What is the advantage of two-phase orthodontic treatment?
Two-phase orthodontic treatment is a specialized process that combines tooth straightening and physical, facial changes. The purpose of two-phase treatment is to maximize the opportunity to accomplish the ideal healthy, functional, and aesthetic result that will remain stable throughout your child's life.
What if treatment is put off?
Putting off treatment can result in a need for more invasive treatment later in life that may not completely fix your child's smile. Early treatment is most effective for achieving lasting results.
A Foundation for a Lifetime of Beautiful Smiles
The goal of Phase One treatment is to help the jaw develop in a way that will accommodate all of the permanent teeth and improve the way the upper and lower jaws fit together. Children often exhibit early signs of jaw problems as they grow and develop. An upper jaw that is growing too much or is too narrow can be recognized at an early age. If children over the age of six are found to have this jaw discrepancy, they are candidates for early orthodontic treatment. Also, if children around the age of eight have crowded front teeth, early treatment can prevent the need to extract permanent teeth later.
- Planning now can save your child's smile later
Some children benefit tremendously from early-phase treatment. Receiving early treatment may prevent the removal of permanent teeth later in life or the need for surgical procedures to realign the jaws.
- Taking records to determine your child's unique treatment
Orthodontic records will be necessary to determine the type of appliances to be used, the duration of treatment time, and the frequency of visits. Records consist of models of the teeth, X-rays, and photographs.
Performing the treatment
Phase One treatment may involve using an expander to correct a crossbite, or using partial braces to correct a severe crowding or spacing problem, or sometimes using both. These treatments may take anywhere from 6 months to 1 year or longer, with retainers being made at the end of treatment.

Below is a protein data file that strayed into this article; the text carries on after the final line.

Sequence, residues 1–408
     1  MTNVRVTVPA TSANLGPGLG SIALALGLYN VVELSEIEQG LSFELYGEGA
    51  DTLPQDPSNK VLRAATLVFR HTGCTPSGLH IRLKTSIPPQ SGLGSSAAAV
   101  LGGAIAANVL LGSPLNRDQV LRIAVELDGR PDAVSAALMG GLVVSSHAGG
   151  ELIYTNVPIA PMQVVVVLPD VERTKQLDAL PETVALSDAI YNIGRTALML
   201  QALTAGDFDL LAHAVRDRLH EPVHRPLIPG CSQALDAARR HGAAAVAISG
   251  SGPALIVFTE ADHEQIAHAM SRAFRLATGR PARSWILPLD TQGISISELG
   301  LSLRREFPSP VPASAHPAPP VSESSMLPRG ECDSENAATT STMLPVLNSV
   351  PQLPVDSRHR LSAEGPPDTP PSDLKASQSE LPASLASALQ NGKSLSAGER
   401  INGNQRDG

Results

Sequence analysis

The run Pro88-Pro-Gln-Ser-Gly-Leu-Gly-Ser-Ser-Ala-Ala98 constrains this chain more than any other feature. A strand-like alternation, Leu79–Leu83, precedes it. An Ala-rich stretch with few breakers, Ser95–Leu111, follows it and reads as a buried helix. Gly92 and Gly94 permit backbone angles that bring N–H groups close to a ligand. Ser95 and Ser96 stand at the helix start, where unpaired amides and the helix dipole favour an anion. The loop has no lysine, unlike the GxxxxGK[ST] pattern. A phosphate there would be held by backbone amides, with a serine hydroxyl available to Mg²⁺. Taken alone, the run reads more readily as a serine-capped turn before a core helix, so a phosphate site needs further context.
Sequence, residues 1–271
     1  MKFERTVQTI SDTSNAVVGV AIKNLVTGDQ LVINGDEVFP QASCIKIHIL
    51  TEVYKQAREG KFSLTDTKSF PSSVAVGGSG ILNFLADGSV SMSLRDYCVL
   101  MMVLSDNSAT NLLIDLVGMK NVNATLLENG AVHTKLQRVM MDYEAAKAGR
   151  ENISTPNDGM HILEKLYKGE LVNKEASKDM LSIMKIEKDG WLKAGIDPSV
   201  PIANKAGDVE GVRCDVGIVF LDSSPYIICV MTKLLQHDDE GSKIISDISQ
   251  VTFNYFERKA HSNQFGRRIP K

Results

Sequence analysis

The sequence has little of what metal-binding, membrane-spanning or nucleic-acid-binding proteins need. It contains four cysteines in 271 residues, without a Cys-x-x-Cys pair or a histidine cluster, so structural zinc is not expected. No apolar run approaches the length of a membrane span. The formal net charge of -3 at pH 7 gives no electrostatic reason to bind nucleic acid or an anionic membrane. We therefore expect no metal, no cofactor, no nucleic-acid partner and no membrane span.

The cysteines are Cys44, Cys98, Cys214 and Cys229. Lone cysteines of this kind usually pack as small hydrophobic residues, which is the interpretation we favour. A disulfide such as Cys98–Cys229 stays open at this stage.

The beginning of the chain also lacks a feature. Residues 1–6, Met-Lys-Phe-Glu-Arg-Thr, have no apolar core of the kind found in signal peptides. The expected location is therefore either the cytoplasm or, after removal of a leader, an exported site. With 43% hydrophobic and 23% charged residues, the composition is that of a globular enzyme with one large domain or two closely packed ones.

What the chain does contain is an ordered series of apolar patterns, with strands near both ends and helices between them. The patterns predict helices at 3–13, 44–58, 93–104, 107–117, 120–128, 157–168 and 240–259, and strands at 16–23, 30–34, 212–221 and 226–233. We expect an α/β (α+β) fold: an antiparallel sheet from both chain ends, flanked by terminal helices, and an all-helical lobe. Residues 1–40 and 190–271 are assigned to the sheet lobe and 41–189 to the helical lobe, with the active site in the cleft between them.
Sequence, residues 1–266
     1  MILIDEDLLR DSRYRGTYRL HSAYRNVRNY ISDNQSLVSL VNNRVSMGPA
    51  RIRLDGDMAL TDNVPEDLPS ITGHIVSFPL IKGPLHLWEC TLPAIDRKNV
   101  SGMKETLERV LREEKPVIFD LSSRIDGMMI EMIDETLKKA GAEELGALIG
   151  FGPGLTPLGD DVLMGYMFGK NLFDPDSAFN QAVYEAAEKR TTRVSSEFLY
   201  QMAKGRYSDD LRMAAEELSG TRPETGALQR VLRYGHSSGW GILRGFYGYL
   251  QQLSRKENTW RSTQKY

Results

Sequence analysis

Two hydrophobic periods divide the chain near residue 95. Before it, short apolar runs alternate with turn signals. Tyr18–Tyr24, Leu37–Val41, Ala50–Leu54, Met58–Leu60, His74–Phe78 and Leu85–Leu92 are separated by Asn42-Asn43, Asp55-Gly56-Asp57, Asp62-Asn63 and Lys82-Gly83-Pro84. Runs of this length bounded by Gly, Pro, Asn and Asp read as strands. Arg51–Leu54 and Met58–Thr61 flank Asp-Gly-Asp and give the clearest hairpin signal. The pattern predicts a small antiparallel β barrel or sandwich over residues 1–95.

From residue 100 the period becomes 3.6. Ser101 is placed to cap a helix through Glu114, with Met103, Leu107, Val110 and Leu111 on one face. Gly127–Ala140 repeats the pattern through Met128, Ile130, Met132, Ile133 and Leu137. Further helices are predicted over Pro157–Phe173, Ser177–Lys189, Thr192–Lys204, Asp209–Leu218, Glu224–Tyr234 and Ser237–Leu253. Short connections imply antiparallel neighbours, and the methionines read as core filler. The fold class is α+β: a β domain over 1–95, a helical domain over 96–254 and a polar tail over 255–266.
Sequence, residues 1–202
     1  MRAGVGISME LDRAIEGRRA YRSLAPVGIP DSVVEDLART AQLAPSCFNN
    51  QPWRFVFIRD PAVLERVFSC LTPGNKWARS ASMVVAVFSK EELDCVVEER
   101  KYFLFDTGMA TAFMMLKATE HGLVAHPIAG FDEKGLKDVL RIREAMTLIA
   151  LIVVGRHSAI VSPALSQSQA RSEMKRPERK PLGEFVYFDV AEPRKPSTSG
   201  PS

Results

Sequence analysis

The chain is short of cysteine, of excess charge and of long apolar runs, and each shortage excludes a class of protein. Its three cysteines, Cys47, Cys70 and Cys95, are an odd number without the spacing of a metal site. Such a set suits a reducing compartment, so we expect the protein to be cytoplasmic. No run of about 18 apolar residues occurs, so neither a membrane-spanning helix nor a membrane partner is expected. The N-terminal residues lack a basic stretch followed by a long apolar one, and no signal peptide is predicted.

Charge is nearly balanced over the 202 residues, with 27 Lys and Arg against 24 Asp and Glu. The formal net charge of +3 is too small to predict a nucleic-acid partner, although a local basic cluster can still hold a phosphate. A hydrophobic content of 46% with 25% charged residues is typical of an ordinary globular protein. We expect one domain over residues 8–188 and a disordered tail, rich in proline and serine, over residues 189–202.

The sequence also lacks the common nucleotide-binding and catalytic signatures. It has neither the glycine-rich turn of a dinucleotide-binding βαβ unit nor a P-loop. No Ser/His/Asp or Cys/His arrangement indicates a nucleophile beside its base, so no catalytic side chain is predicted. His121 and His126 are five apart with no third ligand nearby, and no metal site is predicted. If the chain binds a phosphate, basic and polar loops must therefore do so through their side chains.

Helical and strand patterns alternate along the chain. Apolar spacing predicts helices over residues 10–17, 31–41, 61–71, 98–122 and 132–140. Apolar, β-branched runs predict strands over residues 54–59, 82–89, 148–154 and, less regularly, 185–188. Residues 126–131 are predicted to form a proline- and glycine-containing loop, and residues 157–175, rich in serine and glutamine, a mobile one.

In this phase, the remaining permanent teeth are left alone as they erupt. Retainers may not be used through the full length of this period if they would interfere with eruption. It is best to allow the existing permanent teeth some freedom of movement. A successful first phase will have created room for permanent teeth to find an eruption path. Otherwise, they may become impacted or severely displaced.
- Monitoring the teeth's progress
At the end of the first phase of treatment, teeth are not in their final positions. This will be accomplished in the second phase of treatment. Selective removal of certain primary (baby) teeth may be in the best interest of enhancing eruption of permanent teeth during this resting phase. Therefore, periodic recall appointments for observation are necessary, usually on a six-month basis.
Stay healthy and look attractive
The goal of the second phase is to make sure each tooth has an exact location in the mouth where it is in harmony with the lips, cheeks, tongue, and other teeth. When this equilibrium is established, the teeth will function together properly. Phase Two usually involves full upper and lower braces.
At the beginning of the first phase, orthodontic records were made and a diagnosis and treatment plan was established. Certain types of appliances were used in the first phase to correct and realign the teeth and jaw. The second phase begins when most or all permanent teeth have erupted, and usually requires braces on all the teeth for an average of 18-24 months. Retainers are worn after this phase to ensure your child retains his or her beautiful smile.